Since 1990, when North and South Yemen unified, the country has had to deal with the merging of two different political and administrative systems, the effects of the Gulf war, and the impact of the 1994 civil war.
Traditionally, North Yemen has been a very closed society with very little contact with the outside world and where education was confined only to religious schools. It is only during the last two to three decades that educational opportunities have been made available and enrolment in basic education has increased significantly. With the unification of North and South Yemen, the fight against poverty is the main theme of government's poverty policy for the years to come and the need to improve the situation of children and women is emphasized.
Yemen was prominent in the news media during 2007 for varying issues, ranging from internal conflict, insecurity and natural disasters to being a haven for refugees arriving under perilous circumstances from the Horn of Africa. Against this backdrop, some important events took place in the country that significantly raised the profile of child-related concerns.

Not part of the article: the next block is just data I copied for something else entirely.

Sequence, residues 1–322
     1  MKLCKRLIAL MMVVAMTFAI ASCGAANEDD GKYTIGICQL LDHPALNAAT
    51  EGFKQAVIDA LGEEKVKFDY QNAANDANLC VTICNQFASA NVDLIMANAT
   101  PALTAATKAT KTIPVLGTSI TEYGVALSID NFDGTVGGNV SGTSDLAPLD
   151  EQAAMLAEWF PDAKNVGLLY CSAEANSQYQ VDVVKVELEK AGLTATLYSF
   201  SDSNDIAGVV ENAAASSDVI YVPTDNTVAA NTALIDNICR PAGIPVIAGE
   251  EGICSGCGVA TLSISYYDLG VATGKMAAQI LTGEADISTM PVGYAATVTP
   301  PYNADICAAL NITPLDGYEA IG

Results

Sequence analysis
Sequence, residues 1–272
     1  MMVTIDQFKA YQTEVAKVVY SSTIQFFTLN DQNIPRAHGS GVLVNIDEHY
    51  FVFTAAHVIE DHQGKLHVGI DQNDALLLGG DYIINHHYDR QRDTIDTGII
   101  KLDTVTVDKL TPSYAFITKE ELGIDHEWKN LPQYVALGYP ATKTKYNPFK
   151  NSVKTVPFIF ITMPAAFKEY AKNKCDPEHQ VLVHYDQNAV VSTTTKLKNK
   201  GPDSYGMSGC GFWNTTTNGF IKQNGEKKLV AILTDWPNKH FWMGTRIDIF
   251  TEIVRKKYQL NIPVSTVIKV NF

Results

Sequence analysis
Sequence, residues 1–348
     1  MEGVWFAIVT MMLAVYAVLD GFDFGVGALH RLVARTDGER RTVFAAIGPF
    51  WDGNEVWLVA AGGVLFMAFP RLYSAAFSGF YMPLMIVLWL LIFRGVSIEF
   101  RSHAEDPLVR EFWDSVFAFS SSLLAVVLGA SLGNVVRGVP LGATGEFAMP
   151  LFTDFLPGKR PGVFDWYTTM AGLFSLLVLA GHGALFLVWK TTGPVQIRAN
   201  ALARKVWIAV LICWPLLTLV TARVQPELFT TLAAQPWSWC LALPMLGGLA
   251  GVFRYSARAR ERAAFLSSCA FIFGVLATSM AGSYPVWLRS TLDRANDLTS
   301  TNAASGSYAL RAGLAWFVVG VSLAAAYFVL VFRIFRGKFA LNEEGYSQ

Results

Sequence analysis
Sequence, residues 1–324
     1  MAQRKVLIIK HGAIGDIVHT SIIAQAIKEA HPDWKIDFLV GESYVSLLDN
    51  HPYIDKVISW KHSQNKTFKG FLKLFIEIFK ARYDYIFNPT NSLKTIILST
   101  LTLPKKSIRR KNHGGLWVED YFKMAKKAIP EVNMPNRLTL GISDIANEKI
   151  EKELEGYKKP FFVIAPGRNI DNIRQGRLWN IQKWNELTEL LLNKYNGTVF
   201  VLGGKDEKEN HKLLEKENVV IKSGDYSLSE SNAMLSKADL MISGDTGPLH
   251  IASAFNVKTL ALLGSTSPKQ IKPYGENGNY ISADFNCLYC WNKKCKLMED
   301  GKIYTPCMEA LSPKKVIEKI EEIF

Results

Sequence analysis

Most notable among these were the launch in July 2007 of the National Strategy on Children and Youth by the Prime Minister. The challenge now remains to ensure its ‘internalization’ by key sectors, including the Ministries of Planning and Finance, as an integral part of the country's present Five Year Plan, through which budget allocations are committed. Furthermore, the Pan Arab Conference of ISPCAN (International Society for the Protection of Children against Abuse and Neglect) and the Regional Conference on Female Genital Mutilation/Cutting were held in June 2007, and the Third Consultation between Saudi Arabia and Yemen on Child Trafficking in October 2007.
In addition, in trying to align with the Convention on the Rights of the Child, the Government of Yemen revised 14 laws related to children, and a National Action Plan to combat child trafficking was developed. These efforts are creating a favourable environment to secure the rights of children to life, education, protection and participation.
Two out-of-school girls inside a village home in Hodaida